Selling a home can be an intense experience. It is simultaneously one of the most exciting and stressful things we can do as there are a lot of moving parts and major decisions to make. Thus, it’s not surprising that we want to be careful but also confident in our choices.
Before selling, offering to purchase a home warranty to the new owner can encourage the buyer to close the deal. As you learn more about how a warranty works and how it can benefit you as a seller, you will see why it’s a popular incentive.
An Overview of a Home Warranty
When you purchase a brand-new home, the builder will include a one or multi-year warranty on various elements of the house. But if you buy an older home, you will need to purchase a home warranty if you want to avoid paying for expensive repairs or replacement costs.
Unlike homeowner’s insurance, a home warranty plan is not required. Insurance policies cover household items that suffer damage or are destroyed due to a catastrophe or disaster. A home warranty will fix or replace these items due to normal wear and tear or unexpected issues that cause them to stop working properly.
A home warranty is an agreement between you and a service provider. You agree to pay a monthly or annual fee, and the company agrees to service appliances and systems in your home when they break down. The warranty will last one year, but you can renew it when it expires. Home warranties typically cost around $500 a year, though some are less or more.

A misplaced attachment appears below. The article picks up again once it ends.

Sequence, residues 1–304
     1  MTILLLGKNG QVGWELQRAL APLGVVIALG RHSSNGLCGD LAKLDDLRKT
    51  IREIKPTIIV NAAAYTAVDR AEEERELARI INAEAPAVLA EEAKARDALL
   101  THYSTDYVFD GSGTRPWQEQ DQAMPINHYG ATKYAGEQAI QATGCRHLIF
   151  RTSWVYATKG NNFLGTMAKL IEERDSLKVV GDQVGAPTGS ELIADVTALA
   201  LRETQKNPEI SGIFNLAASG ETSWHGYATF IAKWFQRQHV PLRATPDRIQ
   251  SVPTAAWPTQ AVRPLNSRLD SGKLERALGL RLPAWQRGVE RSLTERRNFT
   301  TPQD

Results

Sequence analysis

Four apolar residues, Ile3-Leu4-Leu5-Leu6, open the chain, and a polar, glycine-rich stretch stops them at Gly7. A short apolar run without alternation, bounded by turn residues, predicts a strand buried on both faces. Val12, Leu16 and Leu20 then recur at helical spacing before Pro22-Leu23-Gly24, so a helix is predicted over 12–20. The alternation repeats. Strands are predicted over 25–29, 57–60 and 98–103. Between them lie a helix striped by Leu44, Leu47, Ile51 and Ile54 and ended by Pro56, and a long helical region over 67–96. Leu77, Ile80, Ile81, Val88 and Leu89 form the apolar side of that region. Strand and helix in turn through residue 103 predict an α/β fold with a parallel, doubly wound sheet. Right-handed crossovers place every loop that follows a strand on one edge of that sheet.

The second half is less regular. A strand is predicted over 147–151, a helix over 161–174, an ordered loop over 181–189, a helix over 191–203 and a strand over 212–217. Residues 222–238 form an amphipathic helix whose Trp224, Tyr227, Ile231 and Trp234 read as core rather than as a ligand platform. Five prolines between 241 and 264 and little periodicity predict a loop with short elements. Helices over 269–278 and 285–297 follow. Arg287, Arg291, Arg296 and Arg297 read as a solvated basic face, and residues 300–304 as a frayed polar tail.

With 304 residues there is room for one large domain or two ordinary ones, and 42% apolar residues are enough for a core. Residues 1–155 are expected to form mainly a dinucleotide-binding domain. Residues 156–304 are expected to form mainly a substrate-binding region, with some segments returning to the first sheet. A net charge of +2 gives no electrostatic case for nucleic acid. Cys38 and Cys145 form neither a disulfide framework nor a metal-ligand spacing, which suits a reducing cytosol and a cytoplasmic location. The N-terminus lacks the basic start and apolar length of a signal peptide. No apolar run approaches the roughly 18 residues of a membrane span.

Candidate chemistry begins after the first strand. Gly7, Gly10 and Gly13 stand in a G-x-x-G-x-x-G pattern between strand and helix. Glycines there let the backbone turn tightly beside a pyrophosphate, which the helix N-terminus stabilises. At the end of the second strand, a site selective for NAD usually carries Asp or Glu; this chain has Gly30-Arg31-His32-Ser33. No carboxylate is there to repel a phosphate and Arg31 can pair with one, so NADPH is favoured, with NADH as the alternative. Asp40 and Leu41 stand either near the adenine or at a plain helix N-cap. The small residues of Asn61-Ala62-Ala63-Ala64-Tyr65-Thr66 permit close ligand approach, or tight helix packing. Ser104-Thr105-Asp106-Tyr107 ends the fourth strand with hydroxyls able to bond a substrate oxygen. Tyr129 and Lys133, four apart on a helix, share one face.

When to Purchase It
There is not a bad time to buy a home warranty plan. Many homeowners make the purchase at the time of closing on their home. Other people may do so after buying new appliances. It is also common to buy a new plan after the previous one has expired. It may also make sense to purchase a warranty at the time of selling your home so it is in place for the new owners.
Pros of a Home Warranty Plan
A home warranty can provide you with peace of mind when expensive appliances or systems stop working. The warranty covers everything from the refrigerator, stove, oven, dishwasher, microwave, water heater, and washer and dryer to your sprinkling system, plumbing, HVAC, and roof.
Repairing or replacing these conveniences can put a damper on any budget. With a warranty, you will pay for the warranty along with any service call costs. Then, a technician will take care of the problem at no additional cost to you. This can save you hundreds or even thousands of dollars, depending on the item and the issue. A warranty keeps you from having to fix the problem yourself. This can be welcome news if you are not a handy person or lack the time to tackle the issue.
Sell Your Home Faster
Offering a home warranty with the sale of your home can be attractive to prospective buyers. Buyers like having this protection against unforeseen problems. If buyers are deciding between your home and another one and everything else is equal, the warranty could be the deciding factor. Also, your home is less likely to stay on the market for a long time if it has a warranty than if it does not.
Sell Your Home for More
It’s also possible that you could justify listing the home for a higher asking price if it includes a warranty. Potential buyers may be more willing to pay a few thousand more for a house over the next 15 to 30 years and not have to worry about major repairs for the next 12 months than buy a home for less with no such protection. This can help significantly if you are trying to cash in on as much equity as possible to go toward your new purchase.
Bring More Buyers into the Equation
By offering a home warranty when selling your house, you may garner even more interest in your property. A buyer who would otherwise shy away from an older home may be more willing to submit an offer when you have home warranty coverage.
A home warranty can benefit you as a homeowner and as a seller. If you are listing your home, consider buying one. It can help you sell your home faster and for the price you want. It gives you and potential buyers peace of mind during what can be a stressful process.